September 22, 2014 -- a reflection by Eduardo Barahona
I came to Micah in 2006. In 2005 I started working at International School of Tegucigalpa (www.internationalschool.hn), and two co-workers who had graduated from Wheaton were volunteering at Micah during the weekends. Rachael and Erin told me about the project, what it was doing and how they were involved. I thought it sounded like a great opportunity and stored it in the back of my mind.
In 2006 I went to Union Church’s Easter Sunrise Service as a guest. I had gone during previous years, and really liked worshipping at Union during this time of year. During the breakfast afterwards, I met Michael. We started talking about the project and about our current teachers that were volunteering, and he invited me to visit as well.
Later that week I went to Micah, and that’s what started it all. I met the guys, saw what the project was about, and felt quite at home. This time in my life was very difficult: I had left the church in which I had grown up, served and been a part of for all my life. I felt out of place without a church body. Micah provided a safe place for me. I found I could help out as a volunteer by visiting a couple of times a week.
I became involved with Micah, holding Bible studies with the guys, but more than anything building relationships with them.
I got to know these guys by name, their stories, and was able to see how Micah was transforming lives in Honduras. To be honest, I think that Micah adopted me as well. I found a community in which to do ministry and create strong relationships with the guys and staff. I was exposed to a part of my country I hadn’t known up to now.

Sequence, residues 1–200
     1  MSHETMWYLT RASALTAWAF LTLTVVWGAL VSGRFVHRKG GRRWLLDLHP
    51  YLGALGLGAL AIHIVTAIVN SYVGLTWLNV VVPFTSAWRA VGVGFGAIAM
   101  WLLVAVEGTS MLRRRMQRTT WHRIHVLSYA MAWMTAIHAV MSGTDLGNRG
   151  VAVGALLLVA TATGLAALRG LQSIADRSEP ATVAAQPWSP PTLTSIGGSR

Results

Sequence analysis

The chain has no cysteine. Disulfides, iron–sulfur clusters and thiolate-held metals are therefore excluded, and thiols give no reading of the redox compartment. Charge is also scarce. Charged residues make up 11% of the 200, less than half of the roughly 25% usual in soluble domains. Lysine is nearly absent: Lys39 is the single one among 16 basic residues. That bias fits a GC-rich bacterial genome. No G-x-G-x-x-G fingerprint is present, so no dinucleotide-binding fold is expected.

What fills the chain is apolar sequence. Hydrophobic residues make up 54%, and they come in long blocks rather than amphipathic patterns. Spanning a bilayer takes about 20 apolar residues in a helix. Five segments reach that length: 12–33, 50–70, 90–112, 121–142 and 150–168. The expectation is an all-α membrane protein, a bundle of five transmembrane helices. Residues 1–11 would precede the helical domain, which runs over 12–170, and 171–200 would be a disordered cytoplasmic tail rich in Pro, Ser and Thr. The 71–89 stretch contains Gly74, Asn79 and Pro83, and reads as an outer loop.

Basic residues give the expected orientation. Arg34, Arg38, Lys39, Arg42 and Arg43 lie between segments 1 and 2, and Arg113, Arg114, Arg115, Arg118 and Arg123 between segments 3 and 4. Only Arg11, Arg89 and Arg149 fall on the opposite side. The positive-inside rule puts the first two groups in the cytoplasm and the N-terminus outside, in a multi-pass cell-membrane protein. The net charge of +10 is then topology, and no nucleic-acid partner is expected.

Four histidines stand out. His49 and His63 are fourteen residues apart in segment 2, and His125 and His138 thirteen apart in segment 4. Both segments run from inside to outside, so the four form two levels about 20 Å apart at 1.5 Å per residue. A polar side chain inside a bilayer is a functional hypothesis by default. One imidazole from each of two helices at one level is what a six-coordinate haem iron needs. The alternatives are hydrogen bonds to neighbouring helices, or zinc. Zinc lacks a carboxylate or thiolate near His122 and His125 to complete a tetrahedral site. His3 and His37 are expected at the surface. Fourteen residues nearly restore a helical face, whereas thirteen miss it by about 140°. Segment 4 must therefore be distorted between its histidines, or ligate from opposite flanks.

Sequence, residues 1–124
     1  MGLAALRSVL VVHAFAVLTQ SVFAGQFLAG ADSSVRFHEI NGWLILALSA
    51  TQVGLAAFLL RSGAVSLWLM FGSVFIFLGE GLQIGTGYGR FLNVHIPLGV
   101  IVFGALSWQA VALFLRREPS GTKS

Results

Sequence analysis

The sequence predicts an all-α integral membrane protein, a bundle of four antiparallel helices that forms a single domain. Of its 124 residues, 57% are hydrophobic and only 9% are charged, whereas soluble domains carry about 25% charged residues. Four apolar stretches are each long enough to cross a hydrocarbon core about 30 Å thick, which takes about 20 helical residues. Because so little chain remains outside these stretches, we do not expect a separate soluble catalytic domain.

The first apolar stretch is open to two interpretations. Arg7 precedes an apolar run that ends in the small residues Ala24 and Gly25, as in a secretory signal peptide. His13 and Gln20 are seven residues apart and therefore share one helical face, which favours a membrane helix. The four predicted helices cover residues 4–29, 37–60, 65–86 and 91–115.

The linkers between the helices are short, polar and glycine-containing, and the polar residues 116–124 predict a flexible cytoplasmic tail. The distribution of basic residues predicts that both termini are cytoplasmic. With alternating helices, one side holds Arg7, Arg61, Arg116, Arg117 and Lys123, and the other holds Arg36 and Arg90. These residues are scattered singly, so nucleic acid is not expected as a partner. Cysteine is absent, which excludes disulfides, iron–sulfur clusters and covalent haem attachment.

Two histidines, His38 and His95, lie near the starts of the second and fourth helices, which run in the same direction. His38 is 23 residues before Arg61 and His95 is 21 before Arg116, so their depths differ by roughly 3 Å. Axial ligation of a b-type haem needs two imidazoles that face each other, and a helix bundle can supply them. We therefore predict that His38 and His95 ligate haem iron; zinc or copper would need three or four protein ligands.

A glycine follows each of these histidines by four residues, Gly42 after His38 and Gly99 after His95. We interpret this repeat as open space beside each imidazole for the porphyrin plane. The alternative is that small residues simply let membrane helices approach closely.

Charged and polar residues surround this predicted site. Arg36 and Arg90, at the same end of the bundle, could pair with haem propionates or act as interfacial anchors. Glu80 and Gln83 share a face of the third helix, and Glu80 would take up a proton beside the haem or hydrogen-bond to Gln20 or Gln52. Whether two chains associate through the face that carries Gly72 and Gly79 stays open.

One of the areas that I became involved was street soccer. This ministry happened every Friday night, where, along with Micah staff and some teachers from IST, we would play an hour of soccer with homeless people (it was supposed to be with street kids, but it quickly became an event attended by people of all ages), preached for 5 minutes (most were high on yellow glue, making their attention span quite short), and serving them a meal. I had to admit it was a very difficult experience: it got me out of my comfort zone, but it made me realize that these homeless people had a name and a story. It made me know them as people with needs, not just people who approached my car at stoplights asking for money.
The street ministry was also an opportunity to involve some of my co-workers. I started inviting some teachers to come after school on a Friday to hang out, play and get to know the people at this activity. After being a part of this activity some of the teachers became more involved with Micah, visiting the project during the week as the bonds created with the Micah kids and staff grew.
Later on, I was asked by Michael to be on Micah’s Board of Directors. I have felt honored to be a part of it, giving my opinion from a Honduran point of view since all the other board members are North Americans. It has been a blessing to serve with this Board. I can say without hesitation that our Board members first of all love the Lord, and second, love Micah and its ministry.
One thing I love about living in Honduras is that I can visit the Project at any time. When possible, I come out to Sunday night worship, bring high school students from IST to help out at Micah, or just go and hang out with the boys and staff.
Micah has become a part of who I am: I post pictures of what’s going on at Micah on my Facebook page, I mention Micah whenever I am preaching, I see the boys as my boys. It is my prayer that more and more Hondurans will become involved with Micah and be part of the change taking place in the lives of these young men. It is impossible to be part of the project and not be changed in the process. Thanks Michael Miller and Micah Project for giving me the opportunity to come alongside of you. I pray that may we continue to walk together for many more years!